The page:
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Folds, Faults & Earthquakes Rocks under stress can either bend or break both are referred to as deformation Any str PowerPoint Presentation
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Folds, Faults & Earthquakes Rocks under stress can either bend or break both are referred to as deformation Any str

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Folds, Faults & Earthquakes Rocks under stress can either bend or break both are referred to as deformation Any str
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  1. Folds, Faults & Earthquakes Rocks under stress can either bend or break both are referred to as deformation Any stress can deform rocks compressional (squeezing) = folded rocks anticlines and synclines extensional (stretching) = “thinned” beds Whether or not the rocks fold or break depends on the amount of stress, the strength of the rock and the duration and rate that the stress is applied to the rocks

  2. Folded Rocks - syncline = U-shaped fold Folded Rocks - syncline

  3. Anticline = A-shaped fold (in this case cut in half by a river

  4. Large scale folding in the Appalachian Mountains

  5. If the stress is applied too fast or if it greatly exceeds the rock strength… the rocks break => releasing the stored energy The break is called a fault, the energy released is called an earthquake Small earthquakes are cool- everyone feels them, no one gets hurt, minimal damage Big ones suck. They collapse buildings and other structures that kill people and create secondary events that do the same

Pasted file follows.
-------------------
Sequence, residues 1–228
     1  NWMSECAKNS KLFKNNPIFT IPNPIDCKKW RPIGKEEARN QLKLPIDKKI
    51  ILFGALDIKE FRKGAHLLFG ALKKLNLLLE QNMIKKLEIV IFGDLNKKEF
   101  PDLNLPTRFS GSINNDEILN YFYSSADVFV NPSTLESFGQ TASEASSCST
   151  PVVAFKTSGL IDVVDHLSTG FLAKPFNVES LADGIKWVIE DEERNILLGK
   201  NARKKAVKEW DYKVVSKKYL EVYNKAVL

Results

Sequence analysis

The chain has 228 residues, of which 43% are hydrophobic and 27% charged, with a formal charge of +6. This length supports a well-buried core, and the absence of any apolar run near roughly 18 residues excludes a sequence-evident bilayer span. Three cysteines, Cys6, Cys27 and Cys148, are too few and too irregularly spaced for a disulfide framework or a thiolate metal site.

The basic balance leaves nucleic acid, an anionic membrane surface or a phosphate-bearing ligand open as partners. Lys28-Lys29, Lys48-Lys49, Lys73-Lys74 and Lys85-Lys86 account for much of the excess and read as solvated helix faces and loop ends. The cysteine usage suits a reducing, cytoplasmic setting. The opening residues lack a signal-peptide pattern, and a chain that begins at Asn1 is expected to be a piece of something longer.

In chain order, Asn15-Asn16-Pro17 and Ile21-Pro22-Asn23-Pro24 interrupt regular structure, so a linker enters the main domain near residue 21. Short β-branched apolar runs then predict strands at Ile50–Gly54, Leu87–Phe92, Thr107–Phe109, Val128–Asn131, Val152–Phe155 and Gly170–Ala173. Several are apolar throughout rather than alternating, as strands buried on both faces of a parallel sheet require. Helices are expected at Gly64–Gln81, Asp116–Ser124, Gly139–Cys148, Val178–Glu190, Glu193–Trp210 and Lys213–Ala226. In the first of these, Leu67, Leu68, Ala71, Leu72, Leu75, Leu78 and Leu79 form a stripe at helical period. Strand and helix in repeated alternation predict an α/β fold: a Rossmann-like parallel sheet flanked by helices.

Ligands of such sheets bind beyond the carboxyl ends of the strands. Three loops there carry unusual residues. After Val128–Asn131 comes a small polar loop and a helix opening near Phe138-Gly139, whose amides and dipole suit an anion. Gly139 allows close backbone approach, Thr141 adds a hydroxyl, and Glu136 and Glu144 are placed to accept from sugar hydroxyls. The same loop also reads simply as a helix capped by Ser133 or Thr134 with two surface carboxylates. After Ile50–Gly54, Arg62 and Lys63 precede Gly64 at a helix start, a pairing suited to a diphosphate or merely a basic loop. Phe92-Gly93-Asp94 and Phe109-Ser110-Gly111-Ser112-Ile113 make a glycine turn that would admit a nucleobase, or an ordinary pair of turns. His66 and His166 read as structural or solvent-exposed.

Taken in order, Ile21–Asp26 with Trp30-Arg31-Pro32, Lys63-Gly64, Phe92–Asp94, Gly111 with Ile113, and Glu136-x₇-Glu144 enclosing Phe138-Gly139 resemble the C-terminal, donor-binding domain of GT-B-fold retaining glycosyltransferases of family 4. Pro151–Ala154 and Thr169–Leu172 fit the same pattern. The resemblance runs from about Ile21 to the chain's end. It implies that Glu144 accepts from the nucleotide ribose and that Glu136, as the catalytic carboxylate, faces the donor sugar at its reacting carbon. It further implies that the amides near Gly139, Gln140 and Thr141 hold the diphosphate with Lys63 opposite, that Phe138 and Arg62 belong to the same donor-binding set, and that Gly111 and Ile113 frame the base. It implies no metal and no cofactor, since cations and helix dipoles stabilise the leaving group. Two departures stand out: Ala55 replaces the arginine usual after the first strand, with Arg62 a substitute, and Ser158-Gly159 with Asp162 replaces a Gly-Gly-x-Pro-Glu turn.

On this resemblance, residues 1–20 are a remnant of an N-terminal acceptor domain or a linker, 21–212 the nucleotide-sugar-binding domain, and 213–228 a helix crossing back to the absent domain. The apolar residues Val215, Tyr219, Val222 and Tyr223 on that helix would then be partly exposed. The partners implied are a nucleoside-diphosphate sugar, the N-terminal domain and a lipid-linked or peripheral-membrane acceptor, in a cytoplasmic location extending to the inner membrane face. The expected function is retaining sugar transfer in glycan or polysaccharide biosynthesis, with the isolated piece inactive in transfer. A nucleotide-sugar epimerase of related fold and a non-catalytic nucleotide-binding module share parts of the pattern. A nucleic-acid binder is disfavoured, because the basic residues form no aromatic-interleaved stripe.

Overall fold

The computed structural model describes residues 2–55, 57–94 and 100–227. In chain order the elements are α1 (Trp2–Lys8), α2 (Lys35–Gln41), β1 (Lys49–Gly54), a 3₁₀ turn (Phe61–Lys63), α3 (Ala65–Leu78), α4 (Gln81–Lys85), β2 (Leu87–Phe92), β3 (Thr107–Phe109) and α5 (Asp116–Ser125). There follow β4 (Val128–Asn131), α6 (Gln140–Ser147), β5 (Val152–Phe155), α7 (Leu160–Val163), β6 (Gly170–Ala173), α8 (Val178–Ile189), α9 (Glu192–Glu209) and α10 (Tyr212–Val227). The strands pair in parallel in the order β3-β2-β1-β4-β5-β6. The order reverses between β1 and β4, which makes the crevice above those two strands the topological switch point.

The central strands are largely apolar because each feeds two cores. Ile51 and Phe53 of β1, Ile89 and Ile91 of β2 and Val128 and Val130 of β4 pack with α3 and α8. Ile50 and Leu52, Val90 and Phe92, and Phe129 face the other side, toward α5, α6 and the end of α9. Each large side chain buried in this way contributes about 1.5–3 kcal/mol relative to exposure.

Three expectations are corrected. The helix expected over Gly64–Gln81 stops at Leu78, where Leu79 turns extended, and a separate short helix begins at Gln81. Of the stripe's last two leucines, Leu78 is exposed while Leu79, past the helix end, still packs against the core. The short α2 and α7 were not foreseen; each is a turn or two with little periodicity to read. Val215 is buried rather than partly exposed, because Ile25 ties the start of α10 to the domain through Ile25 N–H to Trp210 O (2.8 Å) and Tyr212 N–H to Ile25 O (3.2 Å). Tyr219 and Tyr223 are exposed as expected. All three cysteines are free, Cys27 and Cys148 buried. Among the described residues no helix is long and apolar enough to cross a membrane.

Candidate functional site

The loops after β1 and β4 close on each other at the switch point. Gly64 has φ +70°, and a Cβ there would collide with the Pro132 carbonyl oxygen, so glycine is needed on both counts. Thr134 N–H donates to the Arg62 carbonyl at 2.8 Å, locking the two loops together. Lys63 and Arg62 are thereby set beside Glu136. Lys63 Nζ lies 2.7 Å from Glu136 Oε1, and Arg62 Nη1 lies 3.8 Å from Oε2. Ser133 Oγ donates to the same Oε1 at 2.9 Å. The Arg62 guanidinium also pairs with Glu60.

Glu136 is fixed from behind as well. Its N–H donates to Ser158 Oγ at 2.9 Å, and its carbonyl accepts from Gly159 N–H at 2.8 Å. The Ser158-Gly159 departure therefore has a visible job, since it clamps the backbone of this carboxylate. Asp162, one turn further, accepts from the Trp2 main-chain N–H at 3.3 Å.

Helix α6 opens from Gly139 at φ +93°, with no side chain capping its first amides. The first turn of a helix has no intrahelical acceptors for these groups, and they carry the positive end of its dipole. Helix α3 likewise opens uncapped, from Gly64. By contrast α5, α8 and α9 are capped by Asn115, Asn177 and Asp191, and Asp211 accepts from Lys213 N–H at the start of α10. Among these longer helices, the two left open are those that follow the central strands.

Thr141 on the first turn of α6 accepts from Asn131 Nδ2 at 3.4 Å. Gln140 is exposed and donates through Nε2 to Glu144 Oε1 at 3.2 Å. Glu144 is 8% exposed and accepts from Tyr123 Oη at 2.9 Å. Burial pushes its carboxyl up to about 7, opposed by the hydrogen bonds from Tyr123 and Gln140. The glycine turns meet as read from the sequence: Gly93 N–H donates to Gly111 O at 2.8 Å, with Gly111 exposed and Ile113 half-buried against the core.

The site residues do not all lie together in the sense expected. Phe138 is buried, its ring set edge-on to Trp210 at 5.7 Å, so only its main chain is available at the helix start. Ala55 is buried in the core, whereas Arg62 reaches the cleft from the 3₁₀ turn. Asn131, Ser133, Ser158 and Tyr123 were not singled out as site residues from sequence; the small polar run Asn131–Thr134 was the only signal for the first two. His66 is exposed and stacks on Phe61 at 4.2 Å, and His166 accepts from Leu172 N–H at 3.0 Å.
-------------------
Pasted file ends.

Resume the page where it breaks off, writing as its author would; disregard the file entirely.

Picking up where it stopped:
6. Significant Earthquakes Significant Earthquakes Y ear Location Magnitude Deaths 1964 USA (Alaska) 8.6 131 1970 Peru (Chimbote) 7.8 25,000 1971 USA (San Fernando, California) 6.6 65 1975 China (Haicheng) 7.3 ? 1976 Guatemala 7.5 23,000 1976 China (Tangshan) 8.0 242,000 1985 Mexico (Mexico City) 8.1 9,500 1988 Armenia 7.0 25,000 1989 USA (Loma Prieta, California) 7.1 63 1990 Iran 7.3 40,000 1992 Turkey 6.8 570 1992 USA (Landers, California) 7.5 1 1992 Egypt 5.9 500+ 1993 India 6.4 30,000+ 1994 USA (Northridge, California) 6.7 61 1994 Bolivia 8.2 ? • 13 million+ lives have been lost in the past 4000 • 13 million+ lives have been lost in the past 4000 years due to earthquakes and related phenomena. years due to earthquakes and related phenomena.

  7. Earthquakes Shaking caused by the sudden release of energy in the Earth, resulting from displacement of rock along a fault. • • • • Most are caused by faults associated with plate movement. Fault- a break in the lithosphere that moves Epicenter- a projection of the location on the Earth’s Surface Focus- the location of the energy release (rupture) along the fault

  8. Relationships between a fault plane, epicenter, focus, and energy waves

  9. Look for relative motion-helps determine how force was applied Vertical Faulting Lateral Faulting HW is a normal fault Opposite block moves right means right lateral HW is a reverse fault Head on Headwall Feet on Footwall Fault Plane

  10. Fault type tells us something about motion, stress and forces needed to create them and thus gives hints as to plate tectonics setting Normal fault = extensional force Reverse fault = compressional force Lateral fault = shearing force